Swap to Farnborough over the M4 and get a MATZ Transit for Odiham, then descend to 2,000ft to slip under the Solent Zone on a listening squawk via New Alresford and Wickham VRPs, then swap to Lee-on-Solent radio and join downwind for runway 05.
On turning Final we do seem to be crabbing a lot - there is more of a crosswind than at Oxford. It calms down as we descend then as we flare it picks up as we clear the hangars and the landing is untidy, shall we say. Can't have this! Nothing dangerous but certainly not perfect.
On my previous visit we went all the way to the end and on to the taxiway but now that's closed and we exit mid-runway.... which I've just gone past.
Slow down, turn round, backtrack and exit then pass the end of the runway and park on the grass.

Lee-on-Solent is a very cool GA airfield and deserves our support as they rescued what was about to be yet another bloody housing estate and created a really nice, friendly GA airfield. The runway is immaculate, landing fees are reasonable, the loos are clean..... and the beach is 200 yards away. They have a cafe and a keen pack of spotters, who post some really nice shots of us landing (fortunately without the messing around on touchdown!).




After lunch and an ice cream on the beach we return to the airfield, start up and taxy out behind a PA28. Good manners says I wait for him to power-check, but he thinks he's a 747 and takes ages before he finally pulls on to the runway and departs. As he is obviously a 747 maybe I should give him some wake turbulence separation?
Again, 10deg flaps gives a cleaner take-off and we climb out behind the 747, banking to avoid Fleetlands ATZ then Tom takes over and flies us back North. He's funny: he heaves it on to course then the moment he's got there he rests his right hand on the yoke and gently drags us off to the right before realising, swinging us back 30deg on course, then doing the same thing again. I reckon it's because he's not resting his elbow on the door handle. Or something.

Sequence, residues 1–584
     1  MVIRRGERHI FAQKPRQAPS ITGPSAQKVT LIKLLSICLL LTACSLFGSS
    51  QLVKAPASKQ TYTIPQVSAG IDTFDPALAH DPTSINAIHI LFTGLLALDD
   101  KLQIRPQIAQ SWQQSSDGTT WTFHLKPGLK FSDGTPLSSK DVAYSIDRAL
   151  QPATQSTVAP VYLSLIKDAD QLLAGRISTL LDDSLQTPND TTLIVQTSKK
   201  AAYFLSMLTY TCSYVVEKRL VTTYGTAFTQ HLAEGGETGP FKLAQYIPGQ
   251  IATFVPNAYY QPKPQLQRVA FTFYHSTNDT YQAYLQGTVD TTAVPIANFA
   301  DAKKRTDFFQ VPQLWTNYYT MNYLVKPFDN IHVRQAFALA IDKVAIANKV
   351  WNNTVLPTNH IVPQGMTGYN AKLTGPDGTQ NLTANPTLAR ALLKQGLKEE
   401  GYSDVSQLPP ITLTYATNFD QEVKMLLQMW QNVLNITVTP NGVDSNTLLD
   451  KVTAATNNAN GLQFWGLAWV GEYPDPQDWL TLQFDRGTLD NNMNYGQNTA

Farnborough are, as they often are, completely overloaded with GA who have come out now the haze has receded, so it's not even worth talking to them. Listening squawk, turn on all the lights, climb over the Odiham MATZ stub and keep a good lookout. We do see a couple of planes but as always the skies look empty until suddenly there's an aircraft about to fly in to you.... Electronic conspicuity is just around the corner and it can't come too soon.

Swap back to Oxford Radar near the M4, then as we pass Didcot they have jet traffic departing South so we'll descend to remain below them. Weirdly, as we start our descent they ask us to descend to which I'm happy to reply that we've already started and they are surprised that we're thinking that far ahead. That's what an IMC will do for you: think ahead.
Tom would like to fly us around Oxford so does a very neat orbit of the ring road, performing a near-perfect circle on the GPS log before we head back to the circuit. At 4 miles, as requested, we tell Radar and they release us to Tower, who haven't heard anything about us at all and suggest we speak to Approach. I think she'd been in the loo. Time for Best CAP413: "Golf Papa Oscar Whisky Lima, with you from Approach for a downwind visual join for runway 19, with Victor and QNH 1033". That puts her in her place....

Less wind here, slow down and get down, turn Final and get the flare right, just a tiny squeak and we're rolling. Vacate, get marshalled in to a spare slot and shut down. Lovely.
And we've got the plane back in time for Ann who plans to go out with her instructor, but he cancels claiming "it's too hazy". So I send her a picture showing crystal clear skies, what was he thinking? She needs to get clear of these instructors and get to making her own decisions, today was lovely and perfectly doable for her.